Additionally, hangovers are physically and emotionally unpleasant, and you’re less likely to leave your home and engage with others when you feel sad, shameful, or unwell. These negative patterns can become part of a vicious cycle, leading you to want to drink more to hide, instead of coping with your own behavior.
Drinking and Body Autonomy
Some individuals may even blackout after a long night of drinking. They may also “lose time” or experience gaps in their memory. It’s possible to lose track of how you made it home or you may even wake up in an unexpected location.
Blackouts on their own are scary, but the aftermath can be even more difficult for some people. You might experience anxiety about things you have done or said or worry about what others did or said to you.
Often, individuals who are prone to blackouts hear about their behavior secondhand, which can be scary and emotional, especially if you were violent or vulnerable.
The long-term implications of these “shame spirals” can often contribute to additional mental health struggles. Losing body autonomy can be traumatic, and you might seek more destructive coping mechanisms in the aftermath.
Using Alcohol to Self Medicate
In many cases, mental illness precedes addiction. If you are experiencing the symptoms of depression or an anxiety disorder, you’ll seek the most accessible form of relief. For many individuals, that’s alcohol.
You’re more likely to grow dependent on alcohol if it functions as a form of medication. This effect is why alcoholics don’t abuse alcohol to feel “drunk.” Most alcoholics consume alcohol to feel a baseline level of normalcy.
It’s easy to develop a dependence on alcohol because, on some level, self-medicating works. It can make you feel better, even if it’s just for a short period of time. Each time you drink, however, you’re damaging your brain and body permanently, making it a dangerous long-term solution to mental health challenges.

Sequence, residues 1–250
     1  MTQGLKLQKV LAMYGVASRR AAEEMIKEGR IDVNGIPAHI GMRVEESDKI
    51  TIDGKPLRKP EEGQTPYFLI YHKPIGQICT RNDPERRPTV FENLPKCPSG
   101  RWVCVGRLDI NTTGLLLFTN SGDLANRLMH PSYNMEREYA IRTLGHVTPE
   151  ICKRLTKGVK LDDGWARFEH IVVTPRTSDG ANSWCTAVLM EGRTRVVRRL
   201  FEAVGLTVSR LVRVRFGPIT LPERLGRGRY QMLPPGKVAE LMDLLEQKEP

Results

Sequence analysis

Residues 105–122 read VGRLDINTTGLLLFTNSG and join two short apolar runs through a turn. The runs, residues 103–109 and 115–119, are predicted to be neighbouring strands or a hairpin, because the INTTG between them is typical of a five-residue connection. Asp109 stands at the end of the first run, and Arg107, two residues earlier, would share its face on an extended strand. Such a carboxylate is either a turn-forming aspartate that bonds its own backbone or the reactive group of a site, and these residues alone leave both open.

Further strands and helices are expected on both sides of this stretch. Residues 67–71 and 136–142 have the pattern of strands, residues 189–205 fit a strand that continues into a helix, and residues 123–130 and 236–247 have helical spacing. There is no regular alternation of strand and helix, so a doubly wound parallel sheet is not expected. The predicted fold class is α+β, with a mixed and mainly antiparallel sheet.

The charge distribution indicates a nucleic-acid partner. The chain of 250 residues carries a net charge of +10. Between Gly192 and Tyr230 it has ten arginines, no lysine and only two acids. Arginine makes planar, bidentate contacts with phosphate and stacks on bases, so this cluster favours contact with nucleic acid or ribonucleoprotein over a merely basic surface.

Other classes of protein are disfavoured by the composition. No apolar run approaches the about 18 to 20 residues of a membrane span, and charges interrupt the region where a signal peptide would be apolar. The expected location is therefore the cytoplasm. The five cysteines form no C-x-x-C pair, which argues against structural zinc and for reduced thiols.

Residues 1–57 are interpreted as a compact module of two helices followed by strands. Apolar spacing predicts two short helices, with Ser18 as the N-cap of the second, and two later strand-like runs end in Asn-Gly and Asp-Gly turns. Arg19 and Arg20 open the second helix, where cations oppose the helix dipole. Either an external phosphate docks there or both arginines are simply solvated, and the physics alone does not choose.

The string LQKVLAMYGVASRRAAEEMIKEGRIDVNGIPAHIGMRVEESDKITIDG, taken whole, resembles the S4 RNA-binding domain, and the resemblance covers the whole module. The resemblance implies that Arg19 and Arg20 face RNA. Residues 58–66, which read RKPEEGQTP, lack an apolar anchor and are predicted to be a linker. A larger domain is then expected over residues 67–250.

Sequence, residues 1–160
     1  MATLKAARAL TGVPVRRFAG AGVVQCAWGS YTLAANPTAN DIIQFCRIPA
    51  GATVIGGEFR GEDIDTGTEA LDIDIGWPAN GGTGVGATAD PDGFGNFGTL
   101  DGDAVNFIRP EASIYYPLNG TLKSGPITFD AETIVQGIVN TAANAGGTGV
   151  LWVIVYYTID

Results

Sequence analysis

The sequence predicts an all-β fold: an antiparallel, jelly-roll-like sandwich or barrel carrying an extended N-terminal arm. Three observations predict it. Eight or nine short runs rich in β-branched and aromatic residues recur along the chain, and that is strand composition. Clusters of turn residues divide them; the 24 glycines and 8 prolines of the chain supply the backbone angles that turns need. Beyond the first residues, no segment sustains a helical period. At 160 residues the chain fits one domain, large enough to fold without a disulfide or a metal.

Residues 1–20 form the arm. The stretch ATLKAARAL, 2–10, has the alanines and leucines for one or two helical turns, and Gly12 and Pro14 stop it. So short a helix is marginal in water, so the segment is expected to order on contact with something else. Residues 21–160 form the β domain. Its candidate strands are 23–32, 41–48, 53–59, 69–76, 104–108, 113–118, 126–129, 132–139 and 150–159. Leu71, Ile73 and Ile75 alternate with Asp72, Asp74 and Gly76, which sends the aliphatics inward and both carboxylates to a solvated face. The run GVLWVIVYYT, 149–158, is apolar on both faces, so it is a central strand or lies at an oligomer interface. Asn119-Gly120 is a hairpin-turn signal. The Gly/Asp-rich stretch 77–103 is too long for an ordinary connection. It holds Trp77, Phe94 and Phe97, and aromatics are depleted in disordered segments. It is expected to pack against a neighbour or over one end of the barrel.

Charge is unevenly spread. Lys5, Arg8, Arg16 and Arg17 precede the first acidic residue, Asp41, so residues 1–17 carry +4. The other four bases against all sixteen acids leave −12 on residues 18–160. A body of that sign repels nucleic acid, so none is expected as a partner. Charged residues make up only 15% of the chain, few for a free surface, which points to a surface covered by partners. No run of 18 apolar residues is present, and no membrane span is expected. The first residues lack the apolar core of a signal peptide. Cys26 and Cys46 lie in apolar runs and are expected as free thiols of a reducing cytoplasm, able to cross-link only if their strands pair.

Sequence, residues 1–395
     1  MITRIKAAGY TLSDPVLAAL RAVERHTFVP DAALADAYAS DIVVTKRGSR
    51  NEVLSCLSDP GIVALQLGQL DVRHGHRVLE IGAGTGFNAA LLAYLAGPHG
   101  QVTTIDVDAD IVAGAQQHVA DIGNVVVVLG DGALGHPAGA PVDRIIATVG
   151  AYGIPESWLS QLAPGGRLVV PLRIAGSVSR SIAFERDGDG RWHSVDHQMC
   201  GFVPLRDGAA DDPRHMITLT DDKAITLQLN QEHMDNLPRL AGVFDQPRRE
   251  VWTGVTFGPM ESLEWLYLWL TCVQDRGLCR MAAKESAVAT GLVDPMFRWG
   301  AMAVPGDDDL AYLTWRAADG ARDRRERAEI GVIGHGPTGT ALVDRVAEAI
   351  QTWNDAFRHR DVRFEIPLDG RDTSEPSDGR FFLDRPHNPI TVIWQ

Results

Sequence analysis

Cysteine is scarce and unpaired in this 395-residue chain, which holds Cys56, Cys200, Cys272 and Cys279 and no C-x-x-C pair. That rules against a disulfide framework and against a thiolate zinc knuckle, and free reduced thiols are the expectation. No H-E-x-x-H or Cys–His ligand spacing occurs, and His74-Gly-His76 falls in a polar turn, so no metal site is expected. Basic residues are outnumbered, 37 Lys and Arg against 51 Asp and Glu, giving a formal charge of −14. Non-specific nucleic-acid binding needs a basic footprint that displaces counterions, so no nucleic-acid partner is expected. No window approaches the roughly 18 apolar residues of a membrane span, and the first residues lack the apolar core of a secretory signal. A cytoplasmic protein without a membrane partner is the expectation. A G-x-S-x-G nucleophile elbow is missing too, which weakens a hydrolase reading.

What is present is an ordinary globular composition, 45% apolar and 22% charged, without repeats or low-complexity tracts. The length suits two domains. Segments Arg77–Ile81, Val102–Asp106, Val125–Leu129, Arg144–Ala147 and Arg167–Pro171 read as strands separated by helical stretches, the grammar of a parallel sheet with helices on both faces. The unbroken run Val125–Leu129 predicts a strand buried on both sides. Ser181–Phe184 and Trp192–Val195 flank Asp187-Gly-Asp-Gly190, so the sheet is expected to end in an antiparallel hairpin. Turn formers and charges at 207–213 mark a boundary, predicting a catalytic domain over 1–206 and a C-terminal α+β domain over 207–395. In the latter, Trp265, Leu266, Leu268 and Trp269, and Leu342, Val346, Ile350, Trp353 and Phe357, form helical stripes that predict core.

Likewise, some individuals use alcohol as a coping strategy. Understanding how to handle stress, anxiety, bad news, or interpersonal relationships takes skill. Individuals who did not learn these skills as children might rely on substances due to a lack of other options or tools.
Even if you only drink heavily in response to bad news or negative emotions, you can become dependent on alcohol to cope. Individuals with pre-existing mood disorders might struggle more with challenging emotions. When you seek treatment, you’ll learn active coping skills to use when you’d typically reach for a drink.
Does Alcohol Cause Depression?
So, is alcohol a depressant, and could it be the root of your dual diagnosis? The answer is yes.
Ultimately, alcohol can change your brain chemistry and lead to the onset of certain psychiatric disorders. It’s also common for individuals with these disorders to abuse substances in order to self-medicate. Whether your drinking has caused your illness or the other way around, you are worthy of recovery.
If You Need Support Atlanta Detox Can Help
If you need support to begin your recovery journey, the skilled and knowledgeable professionals at Atlanta Detox Center can help. We offer detox support and substance abuse recovery services, including individualized therapies. Contact us today to find hope for addiction and dual diagnosis treatment options.